Jerry and Kristin Webster talk about the kitchen in their new home in an 1902 brick structure first built as a school and then used for decades for a meeting place of Old Order German Baptists. CONTRIBUTED

Local couple converts old school, church into their new home

“I had a lot of requirements, my wife not so many, but getting a combination of the two became impossible,” Jerry Webster said. “I said I gave up and put it in God’s hand, if it was meant to be.”

It apparently was.

One Sunday last year, Jerry Webster stopped by his auto shop in Troy between Sunday school and church and looked at Craigslist.

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“I had 15 minutes to kill, and there it was. It was three hours old,” he said of the listing of the church along Ohio 41 between Covington and Troy. The location fell within their search parameters, between Troy and Covington and in the Covington school district.

The structure was built as a school in 1902 and purchased by the church in 1934, remaining its home until a new one was built nearby.

The person who’d bought the structure from the Old Order German Baptist Church met Jerry Webster and then both Jerry and Kristin at the church the same day. A sale was in the works.

Within a couple of weeks, the Websters had a floor plan and permits.

Work on what would become known on Facebook as “the church project” began in September.

A final inspection was passed in early April through the Miami County Building Department.

In between, the Websters met a lot of people, learned a lot about construction and transformed what was once a one-room school and then church meeting room into their home.

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The church had no running water, sewage system or electricity, so systems including geothermal were installed and the building wired. The horse shed behind the building where church goers would leave their horses and buggies remains for storage or other future uses.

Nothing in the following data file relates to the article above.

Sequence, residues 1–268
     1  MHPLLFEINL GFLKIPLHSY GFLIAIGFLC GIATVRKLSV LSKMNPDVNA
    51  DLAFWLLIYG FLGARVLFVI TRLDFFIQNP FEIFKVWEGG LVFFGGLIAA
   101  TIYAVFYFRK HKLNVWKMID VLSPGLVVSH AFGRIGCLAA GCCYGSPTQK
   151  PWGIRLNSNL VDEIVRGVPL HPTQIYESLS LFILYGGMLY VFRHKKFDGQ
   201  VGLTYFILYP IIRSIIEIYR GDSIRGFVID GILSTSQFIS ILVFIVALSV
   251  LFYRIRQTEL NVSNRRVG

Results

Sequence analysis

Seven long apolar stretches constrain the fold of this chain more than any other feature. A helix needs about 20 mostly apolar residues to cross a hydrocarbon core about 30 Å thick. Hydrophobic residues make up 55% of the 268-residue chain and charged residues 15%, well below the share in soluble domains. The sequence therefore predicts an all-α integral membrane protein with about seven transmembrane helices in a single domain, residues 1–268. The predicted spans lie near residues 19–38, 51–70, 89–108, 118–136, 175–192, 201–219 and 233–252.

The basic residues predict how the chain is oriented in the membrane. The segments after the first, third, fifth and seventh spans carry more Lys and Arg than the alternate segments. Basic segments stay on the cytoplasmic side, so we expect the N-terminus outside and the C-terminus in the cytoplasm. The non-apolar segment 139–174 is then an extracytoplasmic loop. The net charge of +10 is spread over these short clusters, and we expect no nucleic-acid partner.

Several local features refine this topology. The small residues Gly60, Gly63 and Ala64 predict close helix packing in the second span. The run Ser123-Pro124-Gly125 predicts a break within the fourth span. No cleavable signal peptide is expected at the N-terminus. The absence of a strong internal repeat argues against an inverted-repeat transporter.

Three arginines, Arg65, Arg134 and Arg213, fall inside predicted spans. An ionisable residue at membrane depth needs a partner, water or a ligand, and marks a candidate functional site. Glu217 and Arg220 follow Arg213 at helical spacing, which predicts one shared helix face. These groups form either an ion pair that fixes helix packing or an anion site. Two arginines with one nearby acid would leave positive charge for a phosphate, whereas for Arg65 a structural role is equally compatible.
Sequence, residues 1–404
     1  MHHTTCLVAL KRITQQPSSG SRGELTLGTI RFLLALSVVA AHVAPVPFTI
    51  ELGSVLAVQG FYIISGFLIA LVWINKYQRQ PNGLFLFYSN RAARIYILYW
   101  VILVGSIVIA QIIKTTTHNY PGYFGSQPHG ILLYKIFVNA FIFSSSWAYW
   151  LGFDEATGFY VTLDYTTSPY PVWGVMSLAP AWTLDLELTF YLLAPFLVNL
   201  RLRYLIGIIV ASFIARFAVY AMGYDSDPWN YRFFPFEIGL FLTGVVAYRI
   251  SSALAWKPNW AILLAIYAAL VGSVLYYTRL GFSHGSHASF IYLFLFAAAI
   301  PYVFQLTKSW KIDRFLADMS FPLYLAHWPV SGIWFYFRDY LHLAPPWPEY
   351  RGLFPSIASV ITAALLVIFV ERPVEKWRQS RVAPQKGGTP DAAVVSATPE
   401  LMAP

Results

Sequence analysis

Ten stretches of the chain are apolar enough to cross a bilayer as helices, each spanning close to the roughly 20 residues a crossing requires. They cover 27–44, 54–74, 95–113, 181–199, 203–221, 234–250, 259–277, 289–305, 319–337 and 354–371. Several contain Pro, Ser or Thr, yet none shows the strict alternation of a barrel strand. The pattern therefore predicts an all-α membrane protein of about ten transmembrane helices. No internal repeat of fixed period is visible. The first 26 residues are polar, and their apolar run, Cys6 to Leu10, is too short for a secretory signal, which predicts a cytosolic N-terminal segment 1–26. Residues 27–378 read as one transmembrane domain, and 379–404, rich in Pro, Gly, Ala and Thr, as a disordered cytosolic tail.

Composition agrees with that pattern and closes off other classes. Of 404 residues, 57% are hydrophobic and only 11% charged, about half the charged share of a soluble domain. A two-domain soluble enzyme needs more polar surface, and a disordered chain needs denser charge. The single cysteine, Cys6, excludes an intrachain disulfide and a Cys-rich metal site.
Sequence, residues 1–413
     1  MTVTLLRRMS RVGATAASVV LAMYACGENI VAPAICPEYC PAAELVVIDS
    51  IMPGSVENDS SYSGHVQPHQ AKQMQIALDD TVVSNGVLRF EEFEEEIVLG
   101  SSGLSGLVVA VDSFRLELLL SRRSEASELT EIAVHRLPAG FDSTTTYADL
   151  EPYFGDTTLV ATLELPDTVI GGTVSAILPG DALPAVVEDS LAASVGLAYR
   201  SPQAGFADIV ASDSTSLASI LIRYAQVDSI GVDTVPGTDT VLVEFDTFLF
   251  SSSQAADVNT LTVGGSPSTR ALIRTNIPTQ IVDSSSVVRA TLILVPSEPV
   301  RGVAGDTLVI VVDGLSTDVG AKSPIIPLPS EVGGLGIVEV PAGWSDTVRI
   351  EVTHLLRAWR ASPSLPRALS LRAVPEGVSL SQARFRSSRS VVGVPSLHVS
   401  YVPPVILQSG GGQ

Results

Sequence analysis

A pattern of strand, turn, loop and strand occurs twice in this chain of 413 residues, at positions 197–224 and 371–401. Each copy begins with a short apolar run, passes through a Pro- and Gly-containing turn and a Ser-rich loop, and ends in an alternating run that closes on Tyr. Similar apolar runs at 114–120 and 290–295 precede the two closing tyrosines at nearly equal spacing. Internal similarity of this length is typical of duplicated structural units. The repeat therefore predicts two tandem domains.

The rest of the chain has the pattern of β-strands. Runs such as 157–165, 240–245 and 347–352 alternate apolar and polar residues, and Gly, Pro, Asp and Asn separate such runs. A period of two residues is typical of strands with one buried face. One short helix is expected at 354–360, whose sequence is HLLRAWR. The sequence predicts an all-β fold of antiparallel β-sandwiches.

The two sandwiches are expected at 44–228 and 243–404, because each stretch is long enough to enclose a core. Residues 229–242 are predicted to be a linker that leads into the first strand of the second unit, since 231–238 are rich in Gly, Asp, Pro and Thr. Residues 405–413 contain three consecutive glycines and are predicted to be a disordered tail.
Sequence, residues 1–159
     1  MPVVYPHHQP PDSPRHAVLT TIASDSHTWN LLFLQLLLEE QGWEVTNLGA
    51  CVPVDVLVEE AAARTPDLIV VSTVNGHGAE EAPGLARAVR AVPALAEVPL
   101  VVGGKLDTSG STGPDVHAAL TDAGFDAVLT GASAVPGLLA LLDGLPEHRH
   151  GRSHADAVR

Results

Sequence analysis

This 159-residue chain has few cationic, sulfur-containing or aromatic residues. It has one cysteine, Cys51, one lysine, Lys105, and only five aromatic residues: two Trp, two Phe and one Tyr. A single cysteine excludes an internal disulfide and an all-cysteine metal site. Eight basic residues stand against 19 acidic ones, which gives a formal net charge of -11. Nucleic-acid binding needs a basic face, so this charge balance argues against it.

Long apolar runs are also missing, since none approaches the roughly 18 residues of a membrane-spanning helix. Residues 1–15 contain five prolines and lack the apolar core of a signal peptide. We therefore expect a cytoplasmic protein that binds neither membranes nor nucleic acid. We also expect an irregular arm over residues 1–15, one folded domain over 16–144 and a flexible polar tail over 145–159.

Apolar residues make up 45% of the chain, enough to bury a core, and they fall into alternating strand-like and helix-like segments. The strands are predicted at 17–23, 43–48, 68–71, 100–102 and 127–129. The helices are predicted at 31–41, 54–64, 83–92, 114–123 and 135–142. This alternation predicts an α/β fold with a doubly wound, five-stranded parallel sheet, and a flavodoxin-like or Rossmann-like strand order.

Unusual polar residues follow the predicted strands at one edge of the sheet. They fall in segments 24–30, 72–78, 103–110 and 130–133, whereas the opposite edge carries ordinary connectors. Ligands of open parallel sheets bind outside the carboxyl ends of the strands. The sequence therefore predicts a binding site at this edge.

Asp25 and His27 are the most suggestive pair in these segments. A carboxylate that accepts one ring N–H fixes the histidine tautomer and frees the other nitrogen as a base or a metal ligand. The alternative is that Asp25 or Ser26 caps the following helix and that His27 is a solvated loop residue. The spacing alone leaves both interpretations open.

Inside the brick school that became a church, the Websters found one big open room on the first floor and a full basement.

“The church stuff was gone. The only thing left behind was a couple of hooks on the wall and a stove pipe,” Jerry Webster said.

The Websters didn’t have a single contractor, instead working with several friends to figure out challenges of converting the building into a home.

“Tons of people helped. It seemed like everybody that helped was squeezing me in, doing me a favor,” Jerry Webster said. “We struggled with brick and block. We had three different block guys who canceled.”

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This time, as in several others during the project, a friend or someone the Websters met connected them with those with the skills needed. There were Jerry’s sister and brother in law who had built a new home, a lumber company employee who went above and beyond and Jerry’s friend from the Joint Vocational School who was in construction and offered to help solve problems. Everyone who worked on the house was local.

“The weather wasn’t helping, either. It kept raining,” Kristin Webster said of project challenges.

The results include a huge open area that includes among others, space for the living room, kitchen and dining area, bedrooms with walk-in closets, an office, and plenty of storage. There’s also a new large garage.

“It’s amazing how every single thing all along has worked out. I am not saying it wasn’t stressful, but things fell into place,” Jerry Webster said. “I am completely blessed. It is just incredible.”

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